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Posts from December 0

Climate Alarmism vs. the IPCC (did Manzi get what Romm missed?)

By Robert Murphy -- August 2, 2010

The innocent layperson may have gotten the idea that the Intergovernmental Panel on Climate Change (IPCC) represented the “consensus” view that urgent government action is needed to avert catastrophic impacts on humanity.

And yet, as Jim Manzi’s recent exchange with uber-alarmist Joe Romm makes perfectly clear, even the latest IPCC report punctures holes in the alarmist claims. Perhaps without realizing it, Romm implicitly admits that the IPCC AR4 report never supported the alarmist view.

Manzi Uses the IPCC to Take Down Al Gore

In his relatively new position as “in-house critic” at The New Republic, Manzi criticized a characteristically alarmist piece that Al Gore had published in the same venue. Manzi wanted to show that Gore was misleading the public on what the “scientific consensus” actually had to say about the risks of climate change.…

Unilateral or Worldwide, Waxman-Markey Fails Standard Cost/Benefit Tests (CO2 “leakage” makes bad even worse)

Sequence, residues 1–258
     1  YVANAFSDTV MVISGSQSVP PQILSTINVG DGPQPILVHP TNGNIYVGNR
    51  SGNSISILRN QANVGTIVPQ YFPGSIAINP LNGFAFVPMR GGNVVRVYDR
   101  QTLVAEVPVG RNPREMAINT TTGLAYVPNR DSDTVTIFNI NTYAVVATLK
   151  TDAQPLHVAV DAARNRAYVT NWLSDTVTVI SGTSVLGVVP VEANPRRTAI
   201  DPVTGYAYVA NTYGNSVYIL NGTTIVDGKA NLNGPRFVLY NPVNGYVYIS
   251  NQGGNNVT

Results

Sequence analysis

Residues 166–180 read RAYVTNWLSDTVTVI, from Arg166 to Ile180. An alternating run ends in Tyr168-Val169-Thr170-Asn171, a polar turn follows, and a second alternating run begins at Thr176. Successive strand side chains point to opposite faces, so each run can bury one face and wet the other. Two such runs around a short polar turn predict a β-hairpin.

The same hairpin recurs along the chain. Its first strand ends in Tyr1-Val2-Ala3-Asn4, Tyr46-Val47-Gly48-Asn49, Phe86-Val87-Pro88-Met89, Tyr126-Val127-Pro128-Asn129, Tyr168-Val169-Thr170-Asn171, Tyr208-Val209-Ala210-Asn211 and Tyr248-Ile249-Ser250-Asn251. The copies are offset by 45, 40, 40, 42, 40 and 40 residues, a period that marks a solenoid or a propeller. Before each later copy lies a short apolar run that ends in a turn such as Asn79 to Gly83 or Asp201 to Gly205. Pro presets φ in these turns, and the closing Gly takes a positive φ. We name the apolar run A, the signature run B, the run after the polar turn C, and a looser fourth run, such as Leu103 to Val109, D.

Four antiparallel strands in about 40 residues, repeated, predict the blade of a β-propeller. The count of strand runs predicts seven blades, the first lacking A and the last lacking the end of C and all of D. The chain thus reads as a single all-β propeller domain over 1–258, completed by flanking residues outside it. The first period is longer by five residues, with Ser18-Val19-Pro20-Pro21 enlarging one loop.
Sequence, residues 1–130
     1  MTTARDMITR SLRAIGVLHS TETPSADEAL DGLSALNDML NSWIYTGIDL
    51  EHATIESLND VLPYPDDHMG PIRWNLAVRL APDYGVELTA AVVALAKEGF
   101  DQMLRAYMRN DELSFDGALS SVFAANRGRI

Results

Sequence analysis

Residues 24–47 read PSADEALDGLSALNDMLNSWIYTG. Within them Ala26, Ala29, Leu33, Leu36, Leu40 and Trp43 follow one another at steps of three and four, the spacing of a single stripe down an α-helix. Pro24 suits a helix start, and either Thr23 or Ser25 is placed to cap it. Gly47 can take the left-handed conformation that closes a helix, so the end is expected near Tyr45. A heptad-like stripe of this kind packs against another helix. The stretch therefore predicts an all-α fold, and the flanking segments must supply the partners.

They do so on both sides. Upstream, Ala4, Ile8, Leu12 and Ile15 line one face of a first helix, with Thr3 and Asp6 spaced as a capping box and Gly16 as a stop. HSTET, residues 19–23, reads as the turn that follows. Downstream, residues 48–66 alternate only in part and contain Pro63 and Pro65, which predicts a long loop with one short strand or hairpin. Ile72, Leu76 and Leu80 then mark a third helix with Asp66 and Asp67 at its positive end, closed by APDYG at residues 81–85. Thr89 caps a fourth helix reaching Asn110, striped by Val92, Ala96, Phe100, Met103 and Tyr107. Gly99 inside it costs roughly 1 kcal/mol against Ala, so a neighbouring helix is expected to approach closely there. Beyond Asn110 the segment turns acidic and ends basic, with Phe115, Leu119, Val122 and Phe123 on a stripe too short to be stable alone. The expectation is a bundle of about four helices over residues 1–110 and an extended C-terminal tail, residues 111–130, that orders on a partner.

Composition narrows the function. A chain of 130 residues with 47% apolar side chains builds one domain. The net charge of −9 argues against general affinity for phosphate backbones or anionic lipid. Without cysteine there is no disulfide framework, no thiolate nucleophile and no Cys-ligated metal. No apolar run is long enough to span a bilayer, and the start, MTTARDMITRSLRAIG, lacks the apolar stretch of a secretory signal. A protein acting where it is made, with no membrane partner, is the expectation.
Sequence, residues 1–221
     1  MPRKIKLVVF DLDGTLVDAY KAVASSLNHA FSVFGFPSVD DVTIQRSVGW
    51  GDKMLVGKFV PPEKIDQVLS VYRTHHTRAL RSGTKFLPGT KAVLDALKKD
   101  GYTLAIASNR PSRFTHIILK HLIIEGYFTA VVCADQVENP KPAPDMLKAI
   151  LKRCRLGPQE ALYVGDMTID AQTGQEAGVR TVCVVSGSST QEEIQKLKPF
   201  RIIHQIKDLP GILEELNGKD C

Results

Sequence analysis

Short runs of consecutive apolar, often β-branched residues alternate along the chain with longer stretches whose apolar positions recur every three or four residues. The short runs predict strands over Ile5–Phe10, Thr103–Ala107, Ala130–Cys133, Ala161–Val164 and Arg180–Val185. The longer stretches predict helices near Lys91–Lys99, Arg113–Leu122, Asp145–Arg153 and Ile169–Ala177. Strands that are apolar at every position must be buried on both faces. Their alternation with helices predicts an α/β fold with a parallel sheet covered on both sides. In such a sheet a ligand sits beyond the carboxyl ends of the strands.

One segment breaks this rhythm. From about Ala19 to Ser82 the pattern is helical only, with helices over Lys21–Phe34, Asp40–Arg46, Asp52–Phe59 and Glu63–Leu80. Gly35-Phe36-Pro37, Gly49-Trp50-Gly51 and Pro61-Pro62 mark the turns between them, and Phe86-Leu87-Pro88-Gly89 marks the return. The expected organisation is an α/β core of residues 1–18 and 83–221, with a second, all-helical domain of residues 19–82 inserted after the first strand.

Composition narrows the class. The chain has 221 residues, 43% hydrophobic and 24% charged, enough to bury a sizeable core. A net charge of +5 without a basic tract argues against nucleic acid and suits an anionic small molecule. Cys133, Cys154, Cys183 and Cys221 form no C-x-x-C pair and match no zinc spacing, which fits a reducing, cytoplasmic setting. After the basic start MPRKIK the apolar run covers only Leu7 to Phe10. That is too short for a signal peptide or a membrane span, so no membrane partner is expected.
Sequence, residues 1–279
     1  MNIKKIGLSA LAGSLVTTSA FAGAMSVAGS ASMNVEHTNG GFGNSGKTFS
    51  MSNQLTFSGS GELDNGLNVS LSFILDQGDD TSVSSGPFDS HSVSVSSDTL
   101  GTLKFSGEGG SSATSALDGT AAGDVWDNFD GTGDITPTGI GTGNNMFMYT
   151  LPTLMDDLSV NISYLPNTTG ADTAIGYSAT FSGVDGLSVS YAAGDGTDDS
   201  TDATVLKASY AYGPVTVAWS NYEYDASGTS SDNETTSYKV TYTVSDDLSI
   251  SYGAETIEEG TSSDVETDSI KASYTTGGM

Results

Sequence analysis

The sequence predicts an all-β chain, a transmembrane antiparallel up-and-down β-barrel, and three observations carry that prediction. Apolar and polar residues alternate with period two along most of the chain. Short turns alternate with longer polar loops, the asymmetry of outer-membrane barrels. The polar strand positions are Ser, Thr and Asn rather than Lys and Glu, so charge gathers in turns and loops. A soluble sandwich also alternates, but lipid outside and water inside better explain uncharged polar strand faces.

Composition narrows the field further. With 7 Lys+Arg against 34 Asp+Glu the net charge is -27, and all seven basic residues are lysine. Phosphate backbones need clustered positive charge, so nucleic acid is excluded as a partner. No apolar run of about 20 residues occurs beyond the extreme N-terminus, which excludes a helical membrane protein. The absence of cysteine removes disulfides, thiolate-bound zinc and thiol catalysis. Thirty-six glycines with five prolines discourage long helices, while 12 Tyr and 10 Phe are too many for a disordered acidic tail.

By Robert Murphy -- May 26, 2009

Jim Manzi has a very good post introducing the analysis of costs and benefits of Waxman-Markey. Here I want to follow up on Manzi’s great start, by showing that Chip Knappenberger’s estimate of the climate benefits of Waxman-Markey (W-M) actually erred on the side of optimism in its assumptions.

Specifically, Knappenberger very conservatively ignored the problem of “leakage”–he didn’t model the fact that unilateral U.S. carbon caps would actually increase the rate at which other countries’ own emissions grow. What’s worse, even if the entire world signed on to the aggressive emission schedule in W-M, the resulting environmental benefits would be achieved at a staggering cost in terms of lost economic output.

No matter how you slice it–whether the U.S. goes it alone, or the rest of the world signs on too–the environmental benefits of W-M are swamped by its economic costs.…